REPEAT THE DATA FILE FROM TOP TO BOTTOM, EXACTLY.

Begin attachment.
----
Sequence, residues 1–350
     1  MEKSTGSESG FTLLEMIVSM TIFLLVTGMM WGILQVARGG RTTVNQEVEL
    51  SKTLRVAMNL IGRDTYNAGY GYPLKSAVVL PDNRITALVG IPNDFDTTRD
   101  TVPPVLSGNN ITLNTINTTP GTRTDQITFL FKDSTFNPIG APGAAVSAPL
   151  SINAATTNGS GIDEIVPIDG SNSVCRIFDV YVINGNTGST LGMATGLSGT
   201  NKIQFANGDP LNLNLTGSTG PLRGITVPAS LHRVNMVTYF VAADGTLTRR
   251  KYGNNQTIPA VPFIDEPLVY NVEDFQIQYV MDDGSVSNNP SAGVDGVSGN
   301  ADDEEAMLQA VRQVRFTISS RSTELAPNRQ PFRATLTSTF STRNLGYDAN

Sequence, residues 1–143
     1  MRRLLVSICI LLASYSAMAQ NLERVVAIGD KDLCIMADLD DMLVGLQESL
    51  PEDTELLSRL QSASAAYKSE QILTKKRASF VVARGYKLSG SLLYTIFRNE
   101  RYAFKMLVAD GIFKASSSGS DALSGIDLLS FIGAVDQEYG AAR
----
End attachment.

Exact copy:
Sequence, residues 1–350
     1  MEKSTGSESG FTLLEMIVSM TIFLLVTGMM WGILQVARGG RTTVNQEVEL
    51  SKTLRVAMNL IGRDTYNAGY GYPLKSAVVL PDNRITALVG IPNDFDTTRD
   101  TVPPVLSGNN ITLNTINTTP GTRTDQITFL FKDSTFNPIG APGAAVSAPL
   151  SINAATTNGS GIDEIVPIDG SNSVCRIFDV YVINGNTGST LGMATGLSGT
   201  NKIQFANGDP LNLNLTGSTG PLRGITVPAS LHRVNMVTYF VAADGTLTRR
   251  KYGNNQTIPA VPFIDEPLVY NVEDFQIQYV MDDGSVSNNP SAGVDGVSGN
   301  ADDEEAMLQA VRQVRFTISS RSTELAPNRQ PFRATLTSTF STRNLGYDAN

Sequence, residues 1–143
     1  MRRLLVSICI LLASYSAMAQ NLERVVAIGD KDLCIMADLD DMLVGLQESL
    51  PEDTELLSRL QSASAAYKSE QILTKKRASF VVARGYKLSG SLLYTIFRNE
   101  RYAFKMLVAD GIFKASSSGS DALSGIDLLS FIGAVDQEYG AAR